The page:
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Ogden.

enable the patentee to use his invention in despite 1824. of them.

Gibbons The object of a patent, granted in pursuance of the delegated power, is to perfect an imperfect right, by exactly ascertaining, if I may say so, its means, and boundaries, and identity, and by affording an adequate remedy for its violation. The precise nature of the remedy is within the discretion of Congress; but the nature of the evil it purports to remedy, is entirely illustrative of the. extent of the power delegated to Congress. The patent law itself shows that its object is, to turn the imperfect right into property, for it directs, that the applicant's petition shall signify a desire of obtaining an exclusive property in his improvement. And the clause giving the remedy, shows the injury against which Congress intended to guard, and against which alone it had any power, under the constitution, to provide a guard: where any person “ shall make, devise, use, or sellthe thing, whereof the exclusive right is secured to the patentee by such patent, &c. But, no remedy is provided against preventing the patentee from making, devising, using or selling the thing 80 patented. That, if any grievance at all, is one not within the purview of the act, nor within the powers of Congress, and against which, therefore, no remedy is there provided.

The object of this power, and of the law made under it, is to give to the pre-existent but imperfect right, the security and attributes of actual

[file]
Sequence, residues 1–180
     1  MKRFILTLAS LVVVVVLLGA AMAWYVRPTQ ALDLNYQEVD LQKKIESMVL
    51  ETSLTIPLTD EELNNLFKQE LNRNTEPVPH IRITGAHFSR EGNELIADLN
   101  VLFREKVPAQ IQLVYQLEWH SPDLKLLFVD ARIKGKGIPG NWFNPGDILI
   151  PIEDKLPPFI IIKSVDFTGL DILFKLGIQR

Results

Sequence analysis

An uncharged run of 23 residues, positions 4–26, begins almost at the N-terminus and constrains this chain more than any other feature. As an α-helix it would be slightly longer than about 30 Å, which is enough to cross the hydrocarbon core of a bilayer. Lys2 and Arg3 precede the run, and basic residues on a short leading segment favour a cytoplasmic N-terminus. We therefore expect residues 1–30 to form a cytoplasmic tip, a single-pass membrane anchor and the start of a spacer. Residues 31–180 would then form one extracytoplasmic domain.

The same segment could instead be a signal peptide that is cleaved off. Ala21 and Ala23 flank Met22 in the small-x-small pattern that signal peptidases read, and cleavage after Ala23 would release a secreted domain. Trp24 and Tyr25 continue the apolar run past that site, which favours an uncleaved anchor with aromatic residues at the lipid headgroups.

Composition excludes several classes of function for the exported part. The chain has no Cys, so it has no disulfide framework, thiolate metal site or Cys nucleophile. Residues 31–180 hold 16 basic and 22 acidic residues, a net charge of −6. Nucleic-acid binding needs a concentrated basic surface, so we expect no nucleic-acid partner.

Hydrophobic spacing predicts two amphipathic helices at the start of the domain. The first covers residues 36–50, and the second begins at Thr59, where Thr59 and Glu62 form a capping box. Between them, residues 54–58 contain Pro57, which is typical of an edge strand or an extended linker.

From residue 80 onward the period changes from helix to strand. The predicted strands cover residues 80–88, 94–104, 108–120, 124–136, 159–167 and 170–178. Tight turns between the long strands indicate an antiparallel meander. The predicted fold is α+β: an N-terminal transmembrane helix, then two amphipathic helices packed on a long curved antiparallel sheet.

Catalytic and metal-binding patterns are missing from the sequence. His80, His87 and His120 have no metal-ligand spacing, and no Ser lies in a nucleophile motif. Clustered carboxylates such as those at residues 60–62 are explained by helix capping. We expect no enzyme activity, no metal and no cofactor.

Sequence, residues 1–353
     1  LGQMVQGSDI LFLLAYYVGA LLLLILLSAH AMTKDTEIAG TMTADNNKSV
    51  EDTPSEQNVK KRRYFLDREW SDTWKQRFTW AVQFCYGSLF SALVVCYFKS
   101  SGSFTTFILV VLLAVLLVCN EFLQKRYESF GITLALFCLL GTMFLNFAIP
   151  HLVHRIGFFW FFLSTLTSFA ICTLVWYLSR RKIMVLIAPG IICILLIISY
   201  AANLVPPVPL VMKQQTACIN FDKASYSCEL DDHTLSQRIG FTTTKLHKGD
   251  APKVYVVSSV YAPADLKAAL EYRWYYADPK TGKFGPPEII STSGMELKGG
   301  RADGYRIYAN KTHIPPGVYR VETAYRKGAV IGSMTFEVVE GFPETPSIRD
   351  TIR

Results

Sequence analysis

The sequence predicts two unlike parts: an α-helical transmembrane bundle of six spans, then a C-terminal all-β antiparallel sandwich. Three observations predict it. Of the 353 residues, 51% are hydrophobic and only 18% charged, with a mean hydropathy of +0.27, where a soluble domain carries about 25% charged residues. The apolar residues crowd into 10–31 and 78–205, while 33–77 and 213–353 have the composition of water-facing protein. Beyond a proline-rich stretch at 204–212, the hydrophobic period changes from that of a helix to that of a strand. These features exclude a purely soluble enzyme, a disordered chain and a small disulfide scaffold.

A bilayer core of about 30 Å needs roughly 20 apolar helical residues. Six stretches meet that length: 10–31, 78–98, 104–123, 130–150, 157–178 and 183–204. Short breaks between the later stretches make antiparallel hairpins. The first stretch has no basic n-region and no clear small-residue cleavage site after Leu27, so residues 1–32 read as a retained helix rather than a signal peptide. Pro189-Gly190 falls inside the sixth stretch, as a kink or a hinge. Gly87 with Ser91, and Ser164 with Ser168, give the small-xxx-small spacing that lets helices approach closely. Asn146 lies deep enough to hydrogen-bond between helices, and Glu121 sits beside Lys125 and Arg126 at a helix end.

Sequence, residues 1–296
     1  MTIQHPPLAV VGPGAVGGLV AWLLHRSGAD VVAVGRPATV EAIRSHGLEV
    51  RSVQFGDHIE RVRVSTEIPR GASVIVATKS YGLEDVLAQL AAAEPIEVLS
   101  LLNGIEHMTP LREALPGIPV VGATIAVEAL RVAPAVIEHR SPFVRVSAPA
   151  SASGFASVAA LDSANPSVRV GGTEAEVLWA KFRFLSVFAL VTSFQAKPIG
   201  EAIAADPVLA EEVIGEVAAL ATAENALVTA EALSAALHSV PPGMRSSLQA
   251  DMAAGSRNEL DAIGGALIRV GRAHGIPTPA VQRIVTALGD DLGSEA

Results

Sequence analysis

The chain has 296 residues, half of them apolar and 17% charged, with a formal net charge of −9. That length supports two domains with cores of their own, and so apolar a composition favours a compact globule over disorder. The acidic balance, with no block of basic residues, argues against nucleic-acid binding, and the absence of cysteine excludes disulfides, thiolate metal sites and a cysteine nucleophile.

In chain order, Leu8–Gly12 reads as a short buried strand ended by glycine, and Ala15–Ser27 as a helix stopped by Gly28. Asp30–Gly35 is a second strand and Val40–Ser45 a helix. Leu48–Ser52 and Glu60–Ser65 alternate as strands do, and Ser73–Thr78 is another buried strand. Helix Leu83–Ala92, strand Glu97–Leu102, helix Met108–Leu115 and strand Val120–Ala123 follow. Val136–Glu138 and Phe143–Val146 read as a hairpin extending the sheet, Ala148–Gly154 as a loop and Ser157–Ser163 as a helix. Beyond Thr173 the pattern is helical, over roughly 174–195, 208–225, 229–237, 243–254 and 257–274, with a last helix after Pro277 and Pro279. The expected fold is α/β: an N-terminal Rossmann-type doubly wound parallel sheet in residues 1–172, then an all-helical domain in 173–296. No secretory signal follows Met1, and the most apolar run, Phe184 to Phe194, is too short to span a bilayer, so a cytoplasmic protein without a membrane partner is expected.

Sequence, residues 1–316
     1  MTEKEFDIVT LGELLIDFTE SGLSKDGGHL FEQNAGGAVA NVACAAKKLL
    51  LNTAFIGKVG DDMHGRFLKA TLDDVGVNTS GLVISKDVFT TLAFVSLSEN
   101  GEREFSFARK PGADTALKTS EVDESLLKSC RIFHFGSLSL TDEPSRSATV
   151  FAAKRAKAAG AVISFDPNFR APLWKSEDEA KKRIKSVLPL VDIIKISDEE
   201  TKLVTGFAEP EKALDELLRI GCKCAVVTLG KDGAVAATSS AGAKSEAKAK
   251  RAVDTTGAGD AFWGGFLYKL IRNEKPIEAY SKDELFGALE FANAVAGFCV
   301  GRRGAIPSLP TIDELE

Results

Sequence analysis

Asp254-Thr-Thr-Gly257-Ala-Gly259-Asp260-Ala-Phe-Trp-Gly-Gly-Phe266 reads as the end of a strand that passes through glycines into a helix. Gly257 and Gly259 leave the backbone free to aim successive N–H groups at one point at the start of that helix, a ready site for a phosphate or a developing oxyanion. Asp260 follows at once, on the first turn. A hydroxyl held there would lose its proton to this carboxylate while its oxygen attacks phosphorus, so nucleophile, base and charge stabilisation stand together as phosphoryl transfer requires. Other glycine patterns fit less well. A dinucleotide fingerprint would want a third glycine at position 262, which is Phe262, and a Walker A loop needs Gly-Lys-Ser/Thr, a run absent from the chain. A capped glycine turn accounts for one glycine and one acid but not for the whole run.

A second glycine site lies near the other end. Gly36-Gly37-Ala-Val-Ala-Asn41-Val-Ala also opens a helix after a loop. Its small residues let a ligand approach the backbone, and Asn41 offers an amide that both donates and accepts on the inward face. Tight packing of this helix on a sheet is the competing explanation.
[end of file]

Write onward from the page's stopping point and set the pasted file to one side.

..6. Act of Feb. 21, 1793, 6. 1. .

1824. property. When the law of Congress has done

that, it is functus officio; and it leaves that right,

which it has placed in the class of actual proOgden.

perty, to be used and enjoyed like every other kind of actual property, conformably to the laws of the place where it is to be enjoyed. That which is thus the object of the power and law of Congress, is the patent-right, which it has, as it were, converted into a chattel, But the difference between the patent-right and the thing patented, is great and palpable, equal to the difference between a copy-right and a book. If a State attempted to authorize a violation of these rights, to enable another to make use of or vend the thing patented, or to print the book, or to throw open and in common, the patent-right or the copy-right, then its law would be unconstitutional. But the rights, and only the rights, are the object of the power and laws of Congress; the things themselves are personal property or chattels of the ordinary kind, to be enjoyed, like all other property, subject to laws over which Congress has no control.

If so, why has not a State a right to prohibit the use of the thing patented within its jurisdictton? It can do so, as to all other kinds of property. It is no argument to say, that if one State can do it, every State can do it. If every State wished to do it, how could they, or why should they, be prevented? But, is not that the case with every kind of property? And if they should extend that power over any species of unpatented property, could Congress interfere? The individual States having that power over every kind of

1824. :

Gibbons

Ogden.

originally perfect property, can it be supposed,
that because Congress was empowered to turn
imperfect into perfect property, this newly secured
species should occupy a superior class, and pos-
sess privileges and exemptions that were never
attached to any other kind of property? The
power of regulating and prohibiting the use of
every kind of property must be somewhere; it is
a necessary part of legislative sovereignty, and
must be intrusted to some constituted authority.
As to all other kinds of property, it is undoubtedly
in the State Legislatures. Things patented may
be dangerous or noxious; they may be generally
useful, and locally injurious; such, for instance,
might be torpedoes in a peaceful and commercial
port; fire balloons and squibs in a populous city;
though, in some places and on some occasions,
they may well be useful and advantageous, or, at